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MEDICINES, MEDICAL DEVICES, TREATMENTS AND HEALTH
The rules in this section are designed to ensure that advertisements that include health claims (please see Section 13 for health claims made on foods) and advertisements for medicines, medical devices and treatments receive the necessary high level of scrutiny. Health claims may, for example, relate to the therapeutic or prophylactic effects of products, including toiletries and cosmetics.
The rules apply to advertisements and not the products or services, which are regulated by health regulators such as the Medicines and Healthcare products Regulatory Agency (MHRA), the European Medicines Agency (EMEA), the Care Quality Commission and the Department of Health. Advertisements for those products or services must comply with the rules and professional codes of conduct of relevant professional bodies.
Medical advisory panels
For television advertisements, Clearcast retains a panel of consultants to advise it on health and medical aspects of products or services before they are advertised. For information, see “Contact us” at www.clearcast.co.uk.
Further details on Clearcast’s consultants can be found
at http://www.clearcast.co.uk/our- consultants.html
For radio advertisements, the RACC retains a panel of consultants to advise it on health and medical aspects of advertising. For information, see “Services” at www.racc.co.uk
The ASA or BCAP may seek a medical opinion if there is a significant challenge to an ad that has been accepted by a broadcaster on the advice of a member of the panels.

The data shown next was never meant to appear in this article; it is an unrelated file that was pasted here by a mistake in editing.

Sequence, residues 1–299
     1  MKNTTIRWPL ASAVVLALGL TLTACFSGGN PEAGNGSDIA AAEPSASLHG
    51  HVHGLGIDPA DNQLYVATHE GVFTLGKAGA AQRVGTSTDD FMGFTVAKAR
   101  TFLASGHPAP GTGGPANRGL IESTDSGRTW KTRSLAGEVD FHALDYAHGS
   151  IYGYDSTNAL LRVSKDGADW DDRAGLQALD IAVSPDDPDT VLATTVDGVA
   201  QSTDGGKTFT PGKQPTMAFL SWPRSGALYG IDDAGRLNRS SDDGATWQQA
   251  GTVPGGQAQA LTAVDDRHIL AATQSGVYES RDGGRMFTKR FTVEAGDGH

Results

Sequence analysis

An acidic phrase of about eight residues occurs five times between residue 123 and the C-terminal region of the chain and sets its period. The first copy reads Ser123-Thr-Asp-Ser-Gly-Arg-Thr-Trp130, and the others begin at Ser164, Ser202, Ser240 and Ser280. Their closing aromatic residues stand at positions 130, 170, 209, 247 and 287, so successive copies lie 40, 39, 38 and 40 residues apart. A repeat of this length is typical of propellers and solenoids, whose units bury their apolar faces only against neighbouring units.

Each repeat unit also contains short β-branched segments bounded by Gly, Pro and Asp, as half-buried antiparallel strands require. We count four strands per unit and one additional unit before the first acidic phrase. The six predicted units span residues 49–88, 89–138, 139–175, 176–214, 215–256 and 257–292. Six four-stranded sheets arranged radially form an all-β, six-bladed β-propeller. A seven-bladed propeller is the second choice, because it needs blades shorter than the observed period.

Advertisements for products subject to licensing under the Medicines Act 1968 must comply with the requirements of the Act. That includes regulations made under the Act and any conditions contained in the marketing authorisation, certificate, licence or traditional herbal registration for the advertised product.
Title VIII of European Directive 2001/83/EC as amended by Directive 2004/27/EC concerns “The Advertising of Medicinal Products for Human Use” and has been implemented in the UK by The Medicines (Advertising) Regulations 1994 and The Medicines (Monitoring of Advertising) Regulations 1994 (both as amended). ASA (Broadcast) is obliged to consider complaints about breaches of Regulation 9 of the Advertising Regulations, which has been incorporated in these rules.
With the introduction of new or changed products, the diverse licensing requirements of the Medicines Act 1968 and changes in medical opinion, this Code cannot provide a complete guide to all requirements for health claims or the advertising of products or classes of medicines and treatments.
The rules governing the advertising of medicines, treatments, medical devices and health claims are set out below; they apply also to advertisements for veterinary products and services. Directive 2001/82/EC on the Community code relating to veterinary medicinal products (as amended by Directive 2004/28/EC), which has been implemented in the UK via The Veterinary Medicines Regulations, contains provisions relating to the advertising of such products. The Veterinary Medicines Regulations are revoked and remade annually.
For more information on medicinal products and treatments, go to: www.mhra.gov.uk.
For the purposes of this section, “licence” includes certificate, authorisation or registration.
11.1 Radio Central Copy Clearance – Radio broadcasters must ensure advertisements subject to this section are centrally cleared.
11.2 If they are necessary for the assessment of claims, broadcasters must, before the ad is broadcast, obtain generally accepted scientific evidence and independent expert advice.
Clearcast will require sight of an advertised product’s Summary of Product Characteristics (SPC). As well as making its own assessment of material, Clearcast will refer substantiation submitted in support of claim for medicines, medical devices, treatments and health to one of its panel of consultants, if those claims go beyond those outlined on the advertised products’ SPC. Consultants are tasked with assessing evidence and advising Clearcast on the extent to which claims are supported.